The posts I wrote on colony collapse disorder, or “disappearing bee disease” continue to get traffic, so I wanted to mention this interesting new paper:

Native bees provide insurance against ongoing honey bee losses
“One of the values of biodiversity is that it may provide ‘biological insurance’ for services currently rendered by domesticated species or technology. We used crop pollination as a model system, and investigated whether the loss of a domesticated pollinator (the honey bee) could be compensated for by native, wild bee species….Simulation results predict that native bees alone provide sufficient pollination at > 90% of the farms studied. Furthermore, empirical total pollen deposition at flowers was strongly, significantly correlated with native bee visitation but not with honey bee visitation.”

This is extremely encouraging, and I’d be interested in seeing this tested. However, excluding honeybees while allowing native bees access is a pretty tall order.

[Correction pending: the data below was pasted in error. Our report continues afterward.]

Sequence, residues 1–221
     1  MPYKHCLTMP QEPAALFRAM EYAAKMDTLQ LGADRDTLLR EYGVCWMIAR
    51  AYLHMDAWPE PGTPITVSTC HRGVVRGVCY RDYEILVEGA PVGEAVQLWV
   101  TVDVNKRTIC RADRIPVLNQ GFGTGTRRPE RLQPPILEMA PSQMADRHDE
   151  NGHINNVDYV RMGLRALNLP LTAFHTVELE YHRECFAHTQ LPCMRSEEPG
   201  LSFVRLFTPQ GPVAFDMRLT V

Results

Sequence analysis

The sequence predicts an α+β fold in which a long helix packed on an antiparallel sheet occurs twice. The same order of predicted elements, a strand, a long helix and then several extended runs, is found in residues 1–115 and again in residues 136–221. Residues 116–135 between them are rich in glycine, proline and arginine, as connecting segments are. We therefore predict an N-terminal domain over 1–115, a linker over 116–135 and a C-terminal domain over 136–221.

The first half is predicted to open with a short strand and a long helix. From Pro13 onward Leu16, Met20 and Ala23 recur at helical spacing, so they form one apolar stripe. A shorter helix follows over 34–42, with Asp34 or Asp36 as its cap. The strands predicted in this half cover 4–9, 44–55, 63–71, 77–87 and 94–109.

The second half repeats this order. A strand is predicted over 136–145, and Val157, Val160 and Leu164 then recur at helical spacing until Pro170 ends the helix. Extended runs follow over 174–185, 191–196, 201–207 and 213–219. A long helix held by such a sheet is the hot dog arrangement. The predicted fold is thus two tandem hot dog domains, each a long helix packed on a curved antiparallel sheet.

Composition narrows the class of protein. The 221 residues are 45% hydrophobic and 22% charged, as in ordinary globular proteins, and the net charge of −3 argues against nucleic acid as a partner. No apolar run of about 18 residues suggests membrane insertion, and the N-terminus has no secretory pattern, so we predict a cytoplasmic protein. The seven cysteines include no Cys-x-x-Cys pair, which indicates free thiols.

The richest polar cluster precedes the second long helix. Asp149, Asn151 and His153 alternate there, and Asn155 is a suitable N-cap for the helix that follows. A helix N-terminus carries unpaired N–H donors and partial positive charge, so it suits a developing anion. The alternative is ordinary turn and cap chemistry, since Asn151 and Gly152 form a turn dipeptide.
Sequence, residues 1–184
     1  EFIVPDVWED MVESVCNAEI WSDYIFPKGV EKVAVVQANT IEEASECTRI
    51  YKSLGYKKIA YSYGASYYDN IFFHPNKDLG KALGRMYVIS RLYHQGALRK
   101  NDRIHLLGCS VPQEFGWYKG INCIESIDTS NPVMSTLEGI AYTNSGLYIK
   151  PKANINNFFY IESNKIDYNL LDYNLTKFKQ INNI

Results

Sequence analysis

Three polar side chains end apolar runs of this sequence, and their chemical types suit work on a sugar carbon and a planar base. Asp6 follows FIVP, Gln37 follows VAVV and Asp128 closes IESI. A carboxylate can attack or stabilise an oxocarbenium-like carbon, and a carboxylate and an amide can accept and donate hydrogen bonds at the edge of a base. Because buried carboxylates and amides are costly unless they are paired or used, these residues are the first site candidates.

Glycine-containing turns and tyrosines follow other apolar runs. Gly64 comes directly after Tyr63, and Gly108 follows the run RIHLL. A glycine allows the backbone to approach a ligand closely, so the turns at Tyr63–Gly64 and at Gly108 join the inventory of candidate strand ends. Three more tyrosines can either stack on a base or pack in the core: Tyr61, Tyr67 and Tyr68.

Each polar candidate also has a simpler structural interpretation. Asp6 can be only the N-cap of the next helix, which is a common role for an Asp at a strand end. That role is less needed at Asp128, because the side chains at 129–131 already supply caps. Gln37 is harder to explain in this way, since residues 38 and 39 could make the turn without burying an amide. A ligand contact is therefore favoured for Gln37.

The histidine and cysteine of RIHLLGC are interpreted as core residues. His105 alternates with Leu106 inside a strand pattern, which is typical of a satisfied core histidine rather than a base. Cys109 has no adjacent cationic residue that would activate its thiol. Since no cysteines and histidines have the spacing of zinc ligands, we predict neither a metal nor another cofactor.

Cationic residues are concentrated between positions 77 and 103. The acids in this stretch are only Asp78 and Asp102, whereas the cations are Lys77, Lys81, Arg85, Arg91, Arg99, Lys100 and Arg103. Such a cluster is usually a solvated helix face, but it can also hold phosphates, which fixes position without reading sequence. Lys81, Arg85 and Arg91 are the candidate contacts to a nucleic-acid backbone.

This was especially interesting in the context of Doug’s recent post about why conserving biodiversity is important. (Which very good, BTW, and you should read it.)

I look at this paper on native bees, and I think “Great! More evidence I can use to convince people to save habitat!” But–are we really at a stage where the only way we can justify conservation is utilitarian?

Regrettably, I think the answer is yes. An aesthetic/intrinsic value argument is doomed. We are a utilitiarian culture, and most people want to know what Use/Value something is before they take action.

Which kind of sucks.

Posted by Gwen Pearson

Writer. Nerd. Insect Evangelist. Have you heard the good news? BUGS!

One Comment

  1. >An aesthetic/intrinsic value argument is doomed. We are a utilitiarian culture, and most people want to know what Use/Value something is before they take action.

    I really, really wish you were wrong about that. But I don’t think you are. Thanks much of the shout out.

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